Ask many coaches or trainers a question involving what the “best exercises” are and they’ll usually say “it depends,” and leave it at that as though they’ve just said something profound. The problem is, saying “it depends” isn’t an answer; it’s just the start to an answer that needs to be followed by “here’s what it depends on….” in order to provide any real value to anyone.
Here I’m telling you exactly what it depends on so you know exactly how to determine the best exercises in order to maximize your results.
Determining the best exercises comes down to evaluating and comparing exercises based on the following factors.
#1 – What’s the Risk to Reward?
High box jumps are a great example of a high risk, low reward exercise because the emphasis is on the height of the box instead of the height of actual jump. Here’s what I mean.
Let’s say you’re standing next to a high box platform that’s the same height as your waist. Now pick up one leg off the ground and flex your hip as high as you possibly can. The distance between the bottom of your foot and the top of the box is the actual height you’d have to jump in order to get on top of that box. The rest comes from hip flexion.
If you’re trying to increase vertical jump height, it requires a powerful and explosive hip extension action, instead of a hip flexion action, which means you actually want to limit the amount of hip flexion involved in landing on top of the box.
If you do this, you won’t land on top of the box in that super-low crouched position we see during high box jumps. Instead, you want to find the highest box height that you’re able to land on, but with your knees and hips only bent around 30 degrees. With this method you’ll get all the good stuff from the exercise and you’ll be far less likely to become the star of the next high-box fail video.
With the above example in mind, when you have two exercises that train the same movement pattern or muscle group, but one of those exercises creates less potential unwanted stress on the joints and connective tissues, the exercise that offers just as much reward with less risk can be considered the better exercise.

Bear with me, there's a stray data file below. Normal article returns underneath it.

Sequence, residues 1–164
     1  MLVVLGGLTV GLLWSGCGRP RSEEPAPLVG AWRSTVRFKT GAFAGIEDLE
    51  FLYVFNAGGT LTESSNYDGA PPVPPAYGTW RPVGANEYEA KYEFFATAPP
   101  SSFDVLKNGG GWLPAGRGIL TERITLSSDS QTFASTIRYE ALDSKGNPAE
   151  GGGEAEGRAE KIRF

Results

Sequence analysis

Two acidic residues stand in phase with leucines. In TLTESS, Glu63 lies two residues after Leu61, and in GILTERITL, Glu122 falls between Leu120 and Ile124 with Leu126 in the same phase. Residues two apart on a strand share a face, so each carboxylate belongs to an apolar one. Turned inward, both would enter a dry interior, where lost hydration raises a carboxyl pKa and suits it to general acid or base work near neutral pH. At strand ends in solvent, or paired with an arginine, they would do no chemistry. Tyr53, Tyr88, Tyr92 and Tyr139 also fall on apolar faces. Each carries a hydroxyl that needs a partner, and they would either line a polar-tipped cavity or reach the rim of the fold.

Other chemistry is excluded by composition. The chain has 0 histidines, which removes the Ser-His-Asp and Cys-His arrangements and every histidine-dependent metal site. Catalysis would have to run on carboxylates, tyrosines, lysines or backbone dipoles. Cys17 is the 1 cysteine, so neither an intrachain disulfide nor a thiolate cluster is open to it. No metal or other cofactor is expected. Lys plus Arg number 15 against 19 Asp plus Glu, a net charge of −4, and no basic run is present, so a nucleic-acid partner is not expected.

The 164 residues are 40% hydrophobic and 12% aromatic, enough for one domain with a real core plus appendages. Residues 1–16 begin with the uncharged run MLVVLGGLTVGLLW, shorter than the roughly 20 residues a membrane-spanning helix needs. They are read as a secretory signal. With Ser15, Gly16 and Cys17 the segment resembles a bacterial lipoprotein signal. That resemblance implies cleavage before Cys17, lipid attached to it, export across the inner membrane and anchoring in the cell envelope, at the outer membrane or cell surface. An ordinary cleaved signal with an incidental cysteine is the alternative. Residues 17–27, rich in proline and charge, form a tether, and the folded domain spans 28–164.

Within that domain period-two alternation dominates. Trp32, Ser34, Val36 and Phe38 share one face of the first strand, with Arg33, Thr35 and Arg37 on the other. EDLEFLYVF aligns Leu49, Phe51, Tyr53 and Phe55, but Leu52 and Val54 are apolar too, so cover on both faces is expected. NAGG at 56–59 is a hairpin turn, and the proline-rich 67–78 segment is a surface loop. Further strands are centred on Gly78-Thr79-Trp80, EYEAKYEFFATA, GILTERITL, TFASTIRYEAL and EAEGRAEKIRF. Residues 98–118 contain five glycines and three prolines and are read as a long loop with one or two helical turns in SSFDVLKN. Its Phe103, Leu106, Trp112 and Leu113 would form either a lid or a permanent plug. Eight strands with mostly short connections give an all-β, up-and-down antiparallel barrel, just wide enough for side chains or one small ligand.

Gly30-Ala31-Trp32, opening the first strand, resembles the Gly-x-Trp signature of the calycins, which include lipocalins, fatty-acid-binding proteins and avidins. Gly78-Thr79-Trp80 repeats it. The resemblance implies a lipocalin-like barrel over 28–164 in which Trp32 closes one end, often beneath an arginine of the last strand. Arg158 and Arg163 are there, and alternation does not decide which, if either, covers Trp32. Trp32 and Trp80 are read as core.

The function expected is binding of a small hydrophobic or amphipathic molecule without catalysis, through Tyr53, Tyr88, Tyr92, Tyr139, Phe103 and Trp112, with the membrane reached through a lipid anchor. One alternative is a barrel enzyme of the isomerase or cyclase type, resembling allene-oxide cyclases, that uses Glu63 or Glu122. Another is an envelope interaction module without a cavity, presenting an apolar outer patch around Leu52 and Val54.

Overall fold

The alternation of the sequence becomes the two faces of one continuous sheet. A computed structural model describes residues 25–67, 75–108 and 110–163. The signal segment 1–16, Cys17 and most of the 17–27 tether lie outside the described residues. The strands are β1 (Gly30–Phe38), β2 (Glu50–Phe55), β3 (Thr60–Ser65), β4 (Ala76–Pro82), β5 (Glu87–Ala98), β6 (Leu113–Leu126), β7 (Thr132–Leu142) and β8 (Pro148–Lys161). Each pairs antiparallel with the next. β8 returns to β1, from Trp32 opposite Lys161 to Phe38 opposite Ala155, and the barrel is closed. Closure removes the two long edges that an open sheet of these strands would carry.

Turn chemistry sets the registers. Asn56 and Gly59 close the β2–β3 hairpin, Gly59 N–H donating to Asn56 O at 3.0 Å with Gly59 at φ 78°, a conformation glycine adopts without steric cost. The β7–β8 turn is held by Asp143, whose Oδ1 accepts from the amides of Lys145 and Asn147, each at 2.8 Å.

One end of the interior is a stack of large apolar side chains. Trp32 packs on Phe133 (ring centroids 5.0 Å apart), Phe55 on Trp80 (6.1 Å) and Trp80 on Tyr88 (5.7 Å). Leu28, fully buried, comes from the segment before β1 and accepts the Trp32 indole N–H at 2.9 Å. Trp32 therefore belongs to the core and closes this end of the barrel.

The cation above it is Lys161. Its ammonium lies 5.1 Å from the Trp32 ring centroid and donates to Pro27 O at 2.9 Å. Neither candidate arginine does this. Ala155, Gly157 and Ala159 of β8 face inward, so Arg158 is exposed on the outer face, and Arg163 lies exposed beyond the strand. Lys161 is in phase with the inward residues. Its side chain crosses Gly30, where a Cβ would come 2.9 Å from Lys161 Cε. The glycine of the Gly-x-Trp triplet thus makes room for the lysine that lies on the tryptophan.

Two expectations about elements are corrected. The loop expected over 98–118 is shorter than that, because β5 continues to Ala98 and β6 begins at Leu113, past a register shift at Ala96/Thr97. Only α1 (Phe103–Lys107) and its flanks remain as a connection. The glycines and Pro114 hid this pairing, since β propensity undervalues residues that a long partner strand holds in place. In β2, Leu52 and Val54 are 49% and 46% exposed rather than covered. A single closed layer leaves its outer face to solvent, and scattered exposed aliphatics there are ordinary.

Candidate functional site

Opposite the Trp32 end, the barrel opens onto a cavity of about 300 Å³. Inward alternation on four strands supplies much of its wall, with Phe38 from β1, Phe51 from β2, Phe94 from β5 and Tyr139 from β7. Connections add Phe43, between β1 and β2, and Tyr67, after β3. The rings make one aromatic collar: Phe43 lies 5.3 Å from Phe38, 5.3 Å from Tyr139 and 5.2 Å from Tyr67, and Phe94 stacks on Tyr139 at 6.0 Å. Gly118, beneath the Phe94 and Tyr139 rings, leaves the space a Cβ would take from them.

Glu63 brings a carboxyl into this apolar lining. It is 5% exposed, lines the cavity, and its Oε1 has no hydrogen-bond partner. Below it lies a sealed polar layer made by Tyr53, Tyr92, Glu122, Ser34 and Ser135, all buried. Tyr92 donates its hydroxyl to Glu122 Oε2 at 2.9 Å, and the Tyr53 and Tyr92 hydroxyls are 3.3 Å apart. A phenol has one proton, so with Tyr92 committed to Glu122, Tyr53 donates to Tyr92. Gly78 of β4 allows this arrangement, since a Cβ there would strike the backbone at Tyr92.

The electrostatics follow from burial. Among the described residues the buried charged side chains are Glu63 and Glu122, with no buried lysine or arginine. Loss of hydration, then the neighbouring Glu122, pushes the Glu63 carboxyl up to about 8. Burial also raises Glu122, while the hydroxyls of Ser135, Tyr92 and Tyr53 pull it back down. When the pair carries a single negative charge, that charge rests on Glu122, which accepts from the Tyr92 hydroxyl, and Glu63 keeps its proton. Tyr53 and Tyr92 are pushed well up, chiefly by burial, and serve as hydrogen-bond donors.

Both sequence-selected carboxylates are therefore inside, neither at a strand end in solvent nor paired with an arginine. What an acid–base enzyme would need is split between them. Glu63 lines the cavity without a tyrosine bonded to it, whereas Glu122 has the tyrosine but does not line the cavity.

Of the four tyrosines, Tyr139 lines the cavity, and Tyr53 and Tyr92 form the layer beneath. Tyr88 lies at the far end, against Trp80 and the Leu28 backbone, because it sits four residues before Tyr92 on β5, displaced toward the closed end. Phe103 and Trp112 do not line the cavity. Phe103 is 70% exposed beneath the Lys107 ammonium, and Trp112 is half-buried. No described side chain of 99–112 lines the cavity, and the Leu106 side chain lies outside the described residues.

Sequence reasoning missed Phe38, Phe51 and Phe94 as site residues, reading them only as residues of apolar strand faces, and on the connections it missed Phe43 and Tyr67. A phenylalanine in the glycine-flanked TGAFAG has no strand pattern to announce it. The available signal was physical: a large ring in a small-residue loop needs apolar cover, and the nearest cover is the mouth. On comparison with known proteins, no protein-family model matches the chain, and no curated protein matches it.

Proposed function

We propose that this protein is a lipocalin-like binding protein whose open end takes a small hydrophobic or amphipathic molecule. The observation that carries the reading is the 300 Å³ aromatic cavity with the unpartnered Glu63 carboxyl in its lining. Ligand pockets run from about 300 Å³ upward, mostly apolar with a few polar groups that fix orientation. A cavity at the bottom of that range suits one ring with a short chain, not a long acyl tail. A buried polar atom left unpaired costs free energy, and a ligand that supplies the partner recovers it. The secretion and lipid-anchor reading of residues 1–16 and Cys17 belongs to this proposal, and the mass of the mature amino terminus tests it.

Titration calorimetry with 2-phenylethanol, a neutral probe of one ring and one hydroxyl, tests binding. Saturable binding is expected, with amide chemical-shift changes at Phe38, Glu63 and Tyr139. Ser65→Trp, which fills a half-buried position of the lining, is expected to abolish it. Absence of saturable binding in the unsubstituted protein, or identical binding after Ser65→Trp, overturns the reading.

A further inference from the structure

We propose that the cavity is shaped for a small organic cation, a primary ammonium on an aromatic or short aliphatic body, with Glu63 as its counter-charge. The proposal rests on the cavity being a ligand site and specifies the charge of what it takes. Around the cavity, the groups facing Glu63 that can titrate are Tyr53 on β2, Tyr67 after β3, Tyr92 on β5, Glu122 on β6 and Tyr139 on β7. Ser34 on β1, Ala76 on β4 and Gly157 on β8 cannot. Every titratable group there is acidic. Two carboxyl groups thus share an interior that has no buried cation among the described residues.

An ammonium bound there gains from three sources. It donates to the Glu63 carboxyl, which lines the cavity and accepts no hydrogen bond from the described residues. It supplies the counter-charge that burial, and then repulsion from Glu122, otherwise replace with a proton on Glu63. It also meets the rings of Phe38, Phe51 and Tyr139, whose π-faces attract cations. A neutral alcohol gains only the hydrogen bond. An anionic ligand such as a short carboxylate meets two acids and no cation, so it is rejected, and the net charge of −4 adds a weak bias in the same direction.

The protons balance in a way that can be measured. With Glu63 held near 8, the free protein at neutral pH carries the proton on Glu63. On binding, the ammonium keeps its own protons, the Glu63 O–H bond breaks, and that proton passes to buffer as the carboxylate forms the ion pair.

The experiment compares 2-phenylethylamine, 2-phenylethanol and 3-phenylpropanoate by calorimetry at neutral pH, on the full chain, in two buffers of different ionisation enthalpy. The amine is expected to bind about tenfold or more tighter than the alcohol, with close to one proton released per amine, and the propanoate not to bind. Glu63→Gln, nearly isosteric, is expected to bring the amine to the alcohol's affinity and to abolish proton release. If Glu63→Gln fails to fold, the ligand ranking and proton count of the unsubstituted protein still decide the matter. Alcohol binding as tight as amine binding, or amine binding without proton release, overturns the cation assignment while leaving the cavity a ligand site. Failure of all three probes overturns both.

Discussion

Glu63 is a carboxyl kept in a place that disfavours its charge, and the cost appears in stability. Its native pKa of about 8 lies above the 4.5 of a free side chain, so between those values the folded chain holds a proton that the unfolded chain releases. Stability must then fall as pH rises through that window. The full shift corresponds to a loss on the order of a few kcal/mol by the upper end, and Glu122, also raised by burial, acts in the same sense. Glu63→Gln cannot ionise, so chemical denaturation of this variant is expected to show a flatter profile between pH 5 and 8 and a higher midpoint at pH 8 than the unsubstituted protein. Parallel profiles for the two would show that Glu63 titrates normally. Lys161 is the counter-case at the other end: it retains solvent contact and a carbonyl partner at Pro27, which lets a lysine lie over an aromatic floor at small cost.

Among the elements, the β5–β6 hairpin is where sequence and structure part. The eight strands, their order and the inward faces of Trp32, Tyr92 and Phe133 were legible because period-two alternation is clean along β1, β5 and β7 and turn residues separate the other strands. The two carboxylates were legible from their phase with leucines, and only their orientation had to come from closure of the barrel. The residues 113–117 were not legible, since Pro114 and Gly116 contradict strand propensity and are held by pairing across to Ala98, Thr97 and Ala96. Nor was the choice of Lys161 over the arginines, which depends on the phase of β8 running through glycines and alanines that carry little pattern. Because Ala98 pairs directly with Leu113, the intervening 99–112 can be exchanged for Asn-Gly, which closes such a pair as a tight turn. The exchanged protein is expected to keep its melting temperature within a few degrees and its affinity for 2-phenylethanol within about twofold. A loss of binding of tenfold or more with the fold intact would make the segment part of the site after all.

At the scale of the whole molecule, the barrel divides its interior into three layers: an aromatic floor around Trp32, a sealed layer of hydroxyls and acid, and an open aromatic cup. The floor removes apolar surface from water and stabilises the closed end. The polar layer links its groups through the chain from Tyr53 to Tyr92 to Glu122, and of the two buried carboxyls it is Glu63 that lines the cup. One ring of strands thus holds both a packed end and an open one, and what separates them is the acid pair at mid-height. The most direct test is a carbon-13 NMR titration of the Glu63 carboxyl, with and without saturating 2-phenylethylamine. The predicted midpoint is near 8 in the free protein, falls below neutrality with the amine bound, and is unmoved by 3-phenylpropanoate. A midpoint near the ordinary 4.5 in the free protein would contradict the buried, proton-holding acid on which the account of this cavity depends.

Another good example of this is doing lateral shoulder raises in what’s called the scapular plane, which is at roughly a 30-degree angle to the torso, instead of with your arms directly out to your sides.
Research shows that doing shoulder exercises in the plane of the scapula creates the same demands on the shoulder musculature, but lessens the unwanted stress on the rotator cuff tendon (1).
Or, maybe there’s a tweaked version of the form a given exercise that is designed to give you the same benefits while minimizing the unwanted stress on your joints and connective tissues.
A good example of this is why I recommend doing upright rows with a wider grip while also avoiding pulling your elbows above shoulder height. Research shows these two form modifications not only increase deltoid and trapezius activity (2) but also reduce unwanted impingement stress on your shoulder joints (3).
As a general rule, exercises that create forced end-range joint and spine actions while lifting heavy loads or using medium loads for high repetitions can be considered high risk. This is because, when joints are moved to their end range of movement, the load shifts from the contracting muscle to the non-contractile connective tissue (e.g., ligaments, joint capsules).
Examples can range from trying to force too much range of motion at the bottom a dumbbell pec fly to doing full extension sit-ups over a glute-ham raise apparatus.
Going heavier also increases your risk because the more load you use, the closer you get to potentially exceeding your body’s tolerance. This is why many lifting injuries are a product of having more ego than brains.
Now, this doesn’t mean lifting heavy is dangerous or bad – that would be a ridiculous claim. It simply means that, if you’re not training to be a powerlifter, you don’t need to go nuts with 1RM work. Instead, you can get plenty strong lifting heavy loads (relative to your strength) doing 3 to 5 rep sets while maximizing the effort on each rep, and while leaving a rep to two in the tank on each set. Doing so gives you the benefits of lifting heavy loads with far less risk of injury from potentially exceeding your body’s tolerance.
Risky exercises don’t just come from the movements or amount of load they involve. It can also come from the equipment they involve. For example, Resistance bands pose a unique hazard because they can strike you in the face, causing serious (possibly blinding) eye damage. This is why the number one rule of resistance band exercise safety is to never pull a band toward your face because it’s an accident waiting to happen. Yet, band exercises like this are commonly recommend by major fitness resources.
This band face pull version is asking for an accident. The band is hardly secure as it is placed under the feet in this manner, all while the band is aimed directly at the face under maximum tension.